1800 Federal - The Emily Dickinson Museum: The Homestead & The Evergreens in Amherst, Massachusetts - OldHouses.com
OldHouses.com - 1800 Federal - The Emily Dickinson Museum: The Homestead & The Evergreens in Amherst, Massachusetts
This is my family's house in Amherst Massachusetts. Some information: It was the birthplace & home from 1855–1886 of 19th-century poet Emily Dickinson. The Homestead began 1813 as a fashionable Federal style house, & was probably the first brick house in Amherst. It was originally painted red to mask the color & texture variations of bricks & mortar. Subsequent changes to the house in the 1830s & 1840s introduced Greek revival architectural features
Emily Dickinson House and Museum, Amherst, Massachusetts. It is one of my favorite places...
The Emily Dickinson Museum is a historic house museum consisting of two houses: the Dickinson Homestead and the Evergreens. The Dickinson Homestead was the birthplace and home from 1855–1886 of 19th-century American poet Emily Dickinson (1830–1886), whose poems were discovered in her bedroom there after her death. The Emily Dickinson Home is a US National Historic Landmark, and properties contribute to the Dickinson Historic District, listed on the National Register of Historic Places.
The Emily Dickinson Museum in Amherst, Massachusetts is a historic house museum consisting of two houses: the Dickinson Homestead and the Evergreens. The Dickinson Homestead was the birthplace and home from 1855–1886 of 19th-century American poet Emily Dickinson, whose poems were discovered in her bedroom there after her death. The Evergreens, next door, was built by the poet's father as a wedding present for her brother. The houses are preserved as a single museum and are open to the public.
Literary Style: 15 Writers' Bedrooms | Apartment Therapy...This is Emily Dickinson's room, and I would totally live here
Literary Style: 15 Writers' Bedrooms - Emily Dickinson: Most of the poet's writing was done at a small writing table in her bedroom.
"Emily Dickinson: Most of the poet's writing was done at a small writing table in her bedroom" ~ More from 'Literary Style: 15 Writers' Bedrooms' @ http://www.apartmenttherapy.com/literary-style-15-writers-bedrooms-168023?img_idx=2
15 writers' bedrooms: This is Emily Dickinson's bedroom and pictured is the small desk where she created some of the greatest poetry in the English language. Also included are the bedrooms of Virginia Woolf and Sylvia Plath, which look *exactly* like I would have pictured them.
"10. Emily Dickinson: Most of the poets writing was done at a small writing table in her bedroom." - http://www.apartmenttherapy.com/literary-style-15-writers-bedrooms-168023
15 writers' bedrooms: This is Emily Dickinson's bedroom and pictured is the small desk where she created some of the greatest poetry
Writer's bedrooms -- Emily Dickinson: Most of the poet's writing was done at a small writing table in her bedroom. 03truman_capote_rect540
http://www.apartmenttherapy.com/literary-style-15-writers-bedrooms-168023 Emily Dickinson's bedroom from Apartment Therapy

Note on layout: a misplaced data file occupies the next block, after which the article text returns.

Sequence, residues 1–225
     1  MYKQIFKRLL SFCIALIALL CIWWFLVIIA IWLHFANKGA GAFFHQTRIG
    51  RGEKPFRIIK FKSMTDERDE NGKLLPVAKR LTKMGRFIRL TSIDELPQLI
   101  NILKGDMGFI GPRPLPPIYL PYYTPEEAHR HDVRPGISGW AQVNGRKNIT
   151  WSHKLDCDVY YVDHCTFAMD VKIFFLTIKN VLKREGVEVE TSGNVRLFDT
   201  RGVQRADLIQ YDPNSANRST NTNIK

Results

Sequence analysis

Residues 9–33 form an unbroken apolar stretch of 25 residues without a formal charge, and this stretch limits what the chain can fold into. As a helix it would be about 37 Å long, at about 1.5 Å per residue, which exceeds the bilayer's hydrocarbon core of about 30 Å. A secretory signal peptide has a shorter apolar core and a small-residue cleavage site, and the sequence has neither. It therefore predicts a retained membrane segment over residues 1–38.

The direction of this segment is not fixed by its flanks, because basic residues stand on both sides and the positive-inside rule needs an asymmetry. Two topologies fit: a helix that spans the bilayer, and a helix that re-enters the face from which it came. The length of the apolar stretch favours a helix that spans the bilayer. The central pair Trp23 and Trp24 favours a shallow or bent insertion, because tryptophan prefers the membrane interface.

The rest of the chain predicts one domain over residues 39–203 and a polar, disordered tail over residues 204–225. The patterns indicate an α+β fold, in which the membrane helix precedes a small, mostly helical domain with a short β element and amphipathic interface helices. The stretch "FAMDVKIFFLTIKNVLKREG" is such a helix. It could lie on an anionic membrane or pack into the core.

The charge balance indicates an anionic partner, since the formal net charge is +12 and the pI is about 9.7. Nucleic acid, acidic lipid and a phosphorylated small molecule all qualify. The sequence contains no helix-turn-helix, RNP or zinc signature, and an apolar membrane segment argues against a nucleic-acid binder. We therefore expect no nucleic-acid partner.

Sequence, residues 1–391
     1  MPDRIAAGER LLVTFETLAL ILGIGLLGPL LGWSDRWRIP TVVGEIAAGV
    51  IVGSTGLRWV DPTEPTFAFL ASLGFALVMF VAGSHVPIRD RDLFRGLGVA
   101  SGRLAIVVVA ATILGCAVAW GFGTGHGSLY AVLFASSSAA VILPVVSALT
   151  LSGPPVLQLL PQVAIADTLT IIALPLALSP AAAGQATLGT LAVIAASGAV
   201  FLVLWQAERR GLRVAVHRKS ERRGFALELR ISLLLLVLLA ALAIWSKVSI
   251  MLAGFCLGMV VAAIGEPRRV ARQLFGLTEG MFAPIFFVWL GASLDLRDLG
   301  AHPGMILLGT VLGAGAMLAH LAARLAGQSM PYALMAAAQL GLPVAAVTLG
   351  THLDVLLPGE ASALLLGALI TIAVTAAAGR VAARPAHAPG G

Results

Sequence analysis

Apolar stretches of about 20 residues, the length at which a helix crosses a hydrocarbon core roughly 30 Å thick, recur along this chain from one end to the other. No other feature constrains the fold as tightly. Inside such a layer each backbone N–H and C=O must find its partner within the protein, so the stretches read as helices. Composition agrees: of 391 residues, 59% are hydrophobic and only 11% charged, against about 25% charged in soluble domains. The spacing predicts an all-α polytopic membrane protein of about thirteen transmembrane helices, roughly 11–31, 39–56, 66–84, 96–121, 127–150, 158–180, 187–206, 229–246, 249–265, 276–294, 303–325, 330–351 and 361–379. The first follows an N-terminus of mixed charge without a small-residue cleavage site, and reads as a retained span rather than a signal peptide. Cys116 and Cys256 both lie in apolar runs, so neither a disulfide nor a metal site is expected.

Literary Style: 15 Writers and Their Bedrooms - Writers Write
"IF I can stop one heart from breaking, I shall not live in vain;" ― Emily Dickinson, Poems (1890)
Emily Dickinson Poems (1890) Cover of the first edition - I would absolutely love to have this book!
Poems (1890), Emily Dickinson. Cover of the first edition. To every thing there is a season... To every thing there is a Dickinson poem which turns faded colours, forgotten sounds and lost memories into Eternity.
and this.... Emily Dickinson Poems (1890) Cover of the first edition
Emily Dickinson - Poems - Cover of the First Edition - 1890
Emily Dickinson(1830-1886) A prolific American poet from Massachusetts who lived a very reclusive life and finally later in life refused to even leave her home. Most of her almost 1800 poems were published after her death, written in an unconventional style for that era.
How to Eat Like Your Favorite Author. (Intresting little read and I'd like to try Emily Dickinson's Coconut Cake recipe)
Eat like your favorite authors! Here's Emily Dickinson's coconut cake, Jonathan Franzen's Pasta with Kale, and Nabakov's Eggs a la Nabocoque.
Emily Dickinson (1830 -1886) I NEVER saw a moor, I never saw the sea; Yet know I how the heather looks, And what a wave must be. I never spoke with God, 5 Nor visited in heaven; Yet certain am I of the spot As if the chart were given. (Complete Poems Part IV - Time and Eternity, published 1924)
Emily Dickinson (1830-1886) Poet Dickinson attended Amherst Academy and spent one year at Mount Holyoke Female Seminary. She returned to her home in 1848 and rarely traveled. She probably began writing poetry in the 1860s. Her correspondent, Thomas Higginson, counseled her against publication, but her school mate and lifelong friend Helen Hunt Jackson encouraged Dickinson to allow a few to be published in the 1870s. After her death, 1,775 pieces were found and published.
Emily Dickinson with books in a daguerreotype, circa 1846-1847. In her poetry, Dickinson (1830-1886) reflects her loneliness and the speakers of her poems generally live in a state of want, but her poems are also marked by the intimate recollection of inspirational moments which are decidedly life-giving and suggest the possibility of happiness. “I know nothing in the world that has as much power as a word. Sometimes I write one, and I look at it, until it begins to shine.” ― Emily Dickinson